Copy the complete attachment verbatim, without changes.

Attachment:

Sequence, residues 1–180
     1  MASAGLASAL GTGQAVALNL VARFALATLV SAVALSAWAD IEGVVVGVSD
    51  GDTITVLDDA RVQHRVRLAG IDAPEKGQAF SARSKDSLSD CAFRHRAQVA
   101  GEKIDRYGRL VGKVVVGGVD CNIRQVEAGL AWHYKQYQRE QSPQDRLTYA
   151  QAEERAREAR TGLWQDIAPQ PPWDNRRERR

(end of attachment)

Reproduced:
Sequence, residues 1–180
     1  MASAGLASAL GTGQAVALNL VARFALATLV SAVALSAWAD IEGVVVGVSD
    51  GDTITVLDDA RVQHRVRLAG IDAPEKGQAF SARSKDSLSD CAFRHRAQVA
   101  GEKIDRYGRL VGKVVVGGVD CNIRQVEAGL AWHYKQYQRE QSPQDRLTYA
   151  QAEERAREAR TGLWQDIAPQ PPWDNRRERR